Ewha hospital broke rules for 25 years: PoliceEwha Womans University Medical Center in western Seoul, where four newborns died last December, has rampantly breached anti-infection guidelines for more than 25 years, police announced Friday.
Upon wrapping up their months-long investigation into the fatal case, where four premature infants died in a two-hour span on the night of Dec. 16, Seoul police said they were planning to refer four doctors and three nurses from Ewha hospital to the prosecutors’ office next Tuesday on charges of negligent homicide.
The hospital allegedly disobeyed guidelines from the Korea Centers for Disease Control and Prevention as well as the Ministry of Food and Drug Safety in the process of administering SMOFlipid injections to the babies, a source of calories when oral nutrition is not possible.
According to domestic safety rules, Ewha hospital was supposed to use 10 to 20 milliliters of the substance for each infant and discard the remaining 500-milliliter bottle in order to prevent a risk of infection.
But according to police, the hospital used one bottle to make seven injections to five babies, four of whom eventually died.
Police concluded that the hospital has relied on the scheme since it opened in 1993, lying to local health authorities that they used one bottle for each newborn.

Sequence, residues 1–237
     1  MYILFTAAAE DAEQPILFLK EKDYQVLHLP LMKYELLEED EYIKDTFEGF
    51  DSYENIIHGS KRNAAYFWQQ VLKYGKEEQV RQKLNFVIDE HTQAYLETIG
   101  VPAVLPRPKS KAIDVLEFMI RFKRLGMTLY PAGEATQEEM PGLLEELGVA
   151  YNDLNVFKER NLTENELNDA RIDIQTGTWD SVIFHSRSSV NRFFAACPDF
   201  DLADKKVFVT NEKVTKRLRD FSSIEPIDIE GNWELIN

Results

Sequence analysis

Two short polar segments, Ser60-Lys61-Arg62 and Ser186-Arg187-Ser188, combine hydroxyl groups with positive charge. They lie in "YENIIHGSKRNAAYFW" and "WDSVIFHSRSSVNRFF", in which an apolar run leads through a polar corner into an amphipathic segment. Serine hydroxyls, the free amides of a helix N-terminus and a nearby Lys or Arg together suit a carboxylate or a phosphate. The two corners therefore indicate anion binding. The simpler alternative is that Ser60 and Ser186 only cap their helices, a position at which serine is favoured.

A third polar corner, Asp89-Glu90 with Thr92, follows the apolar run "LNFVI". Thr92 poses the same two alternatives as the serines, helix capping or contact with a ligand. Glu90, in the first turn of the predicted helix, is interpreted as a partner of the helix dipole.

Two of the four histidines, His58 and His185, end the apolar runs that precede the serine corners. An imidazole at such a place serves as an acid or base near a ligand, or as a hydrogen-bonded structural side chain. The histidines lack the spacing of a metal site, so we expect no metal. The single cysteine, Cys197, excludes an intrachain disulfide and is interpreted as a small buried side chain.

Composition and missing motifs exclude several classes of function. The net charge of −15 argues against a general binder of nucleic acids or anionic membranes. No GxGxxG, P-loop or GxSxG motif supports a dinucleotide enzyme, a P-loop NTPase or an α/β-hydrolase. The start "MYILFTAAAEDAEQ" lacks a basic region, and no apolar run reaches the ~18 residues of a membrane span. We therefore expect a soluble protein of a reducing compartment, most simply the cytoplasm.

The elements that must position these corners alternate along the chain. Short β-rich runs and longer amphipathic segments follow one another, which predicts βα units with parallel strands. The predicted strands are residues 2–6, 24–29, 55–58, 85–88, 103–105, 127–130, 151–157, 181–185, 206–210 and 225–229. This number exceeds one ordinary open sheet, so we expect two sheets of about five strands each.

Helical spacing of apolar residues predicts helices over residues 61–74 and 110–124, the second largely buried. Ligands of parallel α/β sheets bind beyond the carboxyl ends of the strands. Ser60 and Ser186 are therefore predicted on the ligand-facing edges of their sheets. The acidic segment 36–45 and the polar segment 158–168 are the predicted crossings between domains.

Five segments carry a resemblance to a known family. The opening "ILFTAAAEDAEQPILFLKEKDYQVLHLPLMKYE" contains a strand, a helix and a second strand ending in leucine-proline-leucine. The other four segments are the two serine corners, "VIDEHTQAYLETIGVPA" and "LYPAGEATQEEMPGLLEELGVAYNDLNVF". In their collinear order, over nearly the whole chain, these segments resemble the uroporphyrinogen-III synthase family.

This deception allowed the hospital to turn a profit as the Health Insurance Review and Assessment Service covers the cost of each bottle even if the leftover is discarded.
“If the hospital followed the rule and used one 500-milliliter bottle for each infant,” said a Seoul police officer who investigated the case, “the four newborns would definitely not have died all at once.”
Police said Ewha hospital was also supposed to administer the injection as soon as they opened the bottle, but instead prepared seven injections several hours before they were needed and stored them at room temperature, likely polluting the substance and leading to the fatalities.
An earlier autopsy by the National Forensic Service found Citrobacter freundii bacteria in the blood of the infants.
The Ministry of Health and Welfare said Friday that authorities will likely decide by the end of this month whether to strip Ewha hospital of its designation as a tertiary referral center, a token of highly specialized staff and sophisticated equipment for serious illnesses.
BY LEE SUNG-EUN, OH WON-SEOK [email@example.com]